Raymond Albert “Ray” Kroc was an extremely proficient American businessman. Once referred to by Harvard Business School as “the service sector’s equivalent of Henry Ford”, Kroc but had a modest beginning. Starting from being a salesman of multi-mixer, he established himself as the man behind the worldwide name and fame of McDonald's with his mastermind. In 1954, after grabbing the franchise of small-scale McDonald’s Corporation, he transformed it into one of the most successful fast food operations in the world. He also utilized standardization to ensure that the McDonald’s food products to taste the same in all the outlets. Kroc revolutionized the American restaurant industry with the new and developed operating and delivery system. He was named in Time 100 as “The Most Important People of the Century”. Kroc in his lifetime gathered huge wealth of $500 million. Also, he owned the San Diego Padres baseball team which was started in the year 1974.
Ray Kroc Childhood & Early Life
Ray Kroc was born on October 5, 1902 in Oak Park, Chicago, Illinois to the parents of Czech origin. The father of Kroc was originally from the village Bøasy near Plzeò, Czech Republic. The childhood and most of the life of Kroc was spent in Oak Park, Illinois only. When Kroc was 15 years old, he was trained to become an ambulance driver during the First World War. At that time, he made friends with Walt Disney who was also getting training with him. But the war soon ended before Kroc could see the action. Between the years of the end of war and early 1950s, Kroc tried his luck at numerous trades such as paper-cup salesman, pianist, jazz musician and band member. He also attempted his fate at an Oak Park radio station. He also once worked for room and boarded at one of the restaurants of Ray Dambaugh in the Midwest in order to learn the strategies to do restaurant business, (After several years, he paid his gratitude and respect to Ray Dambaugh for his favor by attending his funeral in Evans City, Pennsylvania). Kroc with the passing years became a multi-mixer milkshake machine salesman and traveled all around the country.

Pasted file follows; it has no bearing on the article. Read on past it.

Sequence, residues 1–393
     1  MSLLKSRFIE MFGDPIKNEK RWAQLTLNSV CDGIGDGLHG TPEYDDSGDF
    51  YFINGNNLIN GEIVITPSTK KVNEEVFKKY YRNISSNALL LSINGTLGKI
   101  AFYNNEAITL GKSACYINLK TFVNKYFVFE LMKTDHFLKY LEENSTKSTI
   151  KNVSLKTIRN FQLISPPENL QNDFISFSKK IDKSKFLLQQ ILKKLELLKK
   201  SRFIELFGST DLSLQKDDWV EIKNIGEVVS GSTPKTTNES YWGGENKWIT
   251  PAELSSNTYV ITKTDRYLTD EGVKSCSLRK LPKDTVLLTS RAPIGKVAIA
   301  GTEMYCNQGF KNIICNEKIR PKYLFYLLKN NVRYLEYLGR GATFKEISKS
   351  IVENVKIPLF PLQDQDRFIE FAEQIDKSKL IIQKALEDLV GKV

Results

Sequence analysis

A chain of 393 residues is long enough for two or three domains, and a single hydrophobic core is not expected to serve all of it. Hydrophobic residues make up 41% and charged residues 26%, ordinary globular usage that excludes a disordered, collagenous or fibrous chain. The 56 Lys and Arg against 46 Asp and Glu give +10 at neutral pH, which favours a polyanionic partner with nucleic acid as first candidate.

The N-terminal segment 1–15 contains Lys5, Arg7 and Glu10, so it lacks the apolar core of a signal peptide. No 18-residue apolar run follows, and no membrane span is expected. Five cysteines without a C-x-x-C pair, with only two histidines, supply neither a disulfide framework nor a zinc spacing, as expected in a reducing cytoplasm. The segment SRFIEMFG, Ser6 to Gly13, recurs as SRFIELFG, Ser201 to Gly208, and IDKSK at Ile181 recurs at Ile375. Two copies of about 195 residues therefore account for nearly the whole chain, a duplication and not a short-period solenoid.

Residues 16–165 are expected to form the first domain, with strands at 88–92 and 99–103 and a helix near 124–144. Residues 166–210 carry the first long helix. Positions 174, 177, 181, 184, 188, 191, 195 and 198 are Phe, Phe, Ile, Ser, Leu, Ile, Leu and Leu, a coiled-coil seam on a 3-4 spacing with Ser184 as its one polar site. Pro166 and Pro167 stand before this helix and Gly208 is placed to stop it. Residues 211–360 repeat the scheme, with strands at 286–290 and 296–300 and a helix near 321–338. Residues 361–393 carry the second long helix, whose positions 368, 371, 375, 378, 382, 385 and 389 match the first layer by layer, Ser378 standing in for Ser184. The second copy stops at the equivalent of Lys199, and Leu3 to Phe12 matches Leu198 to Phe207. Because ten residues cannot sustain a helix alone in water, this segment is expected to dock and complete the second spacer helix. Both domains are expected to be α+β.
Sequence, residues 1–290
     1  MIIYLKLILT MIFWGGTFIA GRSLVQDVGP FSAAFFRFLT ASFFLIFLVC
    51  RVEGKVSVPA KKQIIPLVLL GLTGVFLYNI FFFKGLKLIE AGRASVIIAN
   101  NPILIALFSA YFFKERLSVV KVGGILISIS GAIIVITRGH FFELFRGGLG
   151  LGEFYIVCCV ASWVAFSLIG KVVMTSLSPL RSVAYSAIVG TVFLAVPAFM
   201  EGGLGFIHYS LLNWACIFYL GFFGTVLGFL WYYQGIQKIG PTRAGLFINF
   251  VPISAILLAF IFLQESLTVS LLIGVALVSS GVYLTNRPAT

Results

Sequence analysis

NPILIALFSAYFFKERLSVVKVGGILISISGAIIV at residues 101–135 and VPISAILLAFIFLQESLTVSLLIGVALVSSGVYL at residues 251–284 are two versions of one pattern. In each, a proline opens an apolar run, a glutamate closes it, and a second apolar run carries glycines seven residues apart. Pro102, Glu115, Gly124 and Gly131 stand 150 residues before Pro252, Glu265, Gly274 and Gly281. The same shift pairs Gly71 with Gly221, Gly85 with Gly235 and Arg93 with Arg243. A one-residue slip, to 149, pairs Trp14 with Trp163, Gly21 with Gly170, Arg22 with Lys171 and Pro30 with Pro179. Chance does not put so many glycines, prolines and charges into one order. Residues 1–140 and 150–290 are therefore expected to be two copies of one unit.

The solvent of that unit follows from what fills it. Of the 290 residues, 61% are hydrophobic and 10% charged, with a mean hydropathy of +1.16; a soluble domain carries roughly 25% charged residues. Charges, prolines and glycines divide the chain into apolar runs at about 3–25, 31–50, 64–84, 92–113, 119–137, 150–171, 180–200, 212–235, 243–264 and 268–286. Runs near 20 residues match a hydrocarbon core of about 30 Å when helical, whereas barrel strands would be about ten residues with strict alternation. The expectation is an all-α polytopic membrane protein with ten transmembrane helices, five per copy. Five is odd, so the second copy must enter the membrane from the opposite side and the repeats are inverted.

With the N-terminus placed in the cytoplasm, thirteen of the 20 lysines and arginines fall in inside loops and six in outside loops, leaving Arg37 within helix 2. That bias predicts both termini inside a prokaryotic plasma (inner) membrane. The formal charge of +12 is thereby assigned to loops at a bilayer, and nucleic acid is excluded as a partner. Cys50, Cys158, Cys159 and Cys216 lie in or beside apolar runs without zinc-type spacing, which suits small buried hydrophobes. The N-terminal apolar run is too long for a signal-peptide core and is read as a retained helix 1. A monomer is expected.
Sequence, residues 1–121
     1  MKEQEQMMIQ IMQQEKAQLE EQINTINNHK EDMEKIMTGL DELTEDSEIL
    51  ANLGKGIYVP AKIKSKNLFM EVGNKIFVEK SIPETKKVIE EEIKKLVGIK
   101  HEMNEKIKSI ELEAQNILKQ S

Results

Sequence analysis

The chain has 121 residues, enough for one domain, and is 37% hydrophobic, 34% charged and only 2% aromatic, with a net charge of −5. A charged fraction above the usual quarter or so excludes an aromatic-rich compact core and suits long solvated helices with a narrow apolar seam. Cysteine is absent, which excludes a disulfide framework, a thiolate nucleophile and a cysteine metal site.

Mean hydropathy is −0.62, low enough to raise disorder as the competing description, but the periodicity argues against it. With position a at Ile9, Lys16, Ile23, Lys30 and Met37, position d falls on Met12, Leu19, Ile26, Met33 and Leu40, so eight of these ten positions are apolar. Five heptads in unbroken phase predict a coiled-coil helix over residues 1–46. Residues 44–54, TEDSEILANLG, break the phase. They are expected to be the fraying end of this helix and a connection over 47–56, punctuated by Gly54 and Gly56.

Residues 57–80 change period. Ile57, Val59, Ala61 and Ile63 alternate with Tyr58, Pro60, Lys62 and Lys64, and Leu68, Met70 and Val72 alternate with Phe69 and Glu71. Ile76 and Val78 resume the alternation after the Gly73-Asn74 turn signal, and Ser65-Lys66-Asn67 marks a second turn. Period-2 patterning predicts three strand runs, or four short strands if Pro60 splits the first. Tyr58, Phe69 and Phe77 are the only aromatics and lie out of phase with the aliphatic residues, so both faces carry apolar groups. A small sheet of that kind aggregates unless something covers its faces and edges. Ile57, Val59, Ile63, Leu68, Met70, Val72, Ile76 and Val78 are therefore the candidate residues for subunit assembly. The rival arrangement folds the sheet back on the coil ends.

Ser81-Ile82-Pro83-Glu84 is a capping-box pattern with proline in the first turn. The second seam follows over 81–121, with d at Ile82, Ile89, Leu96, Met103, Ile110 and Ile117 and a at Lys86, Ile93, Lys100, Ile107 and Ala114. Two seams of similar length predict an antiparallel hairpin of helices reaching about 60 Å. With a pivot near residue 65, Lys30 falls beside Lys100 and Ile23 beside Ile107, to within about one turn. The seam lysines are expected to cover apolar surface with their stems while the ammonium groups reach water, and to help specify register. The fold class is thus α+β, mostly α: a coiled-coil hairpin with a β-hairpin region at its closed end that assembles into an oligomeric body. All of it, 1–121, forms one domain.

The sales of Prince Castle Multi-Mixer, however, witnessed a dip as it faced tough competition from the lower-priced Hamilton Beach products. During this period, Kroc noticed McDonald brothers. The brothers had bought eight of his multi-mixers. He then soon visited the San Bernandino store and was convinced that he could easily sell the multi-mixers to their each new restaurant they were inaugurating. Therefore, he went to the McDonald brothers and offered the same. At this time, the McDonald brothers were looking for a new franchising agent as their agent Bill Tansey had left them, due to the health issues. With the course of time, Kroc got irritated with the willingness of brothers to accept their restaurants chain. Thus in 1961, Kroc purchased the company from the McDonald’s brothers. The agreement of the same was that the McDonalds would receive a huge amount of $2.7 million for the chain which was ample to pay $1 million to each brother after the deduction of tax and to continue receiving a major royalty of 1.9% on the gross sales. The percentage was initially given 2% by the brothers which came down to 1.9 after the negotiation. But Kroc demanded that he could not show the royalty to the investors, and thus the agreement was finalized with split agreement between the parties. Kroc became quite frustrated at the closing table when the brothers did not transfer any real estate and rights to the original unit to him as they had discussed earlier of giving the entire operations, property and everything to the founding employees. Kroc closed the transaction and denied to consider the royalty part of the agreement as it was not finalized in writing.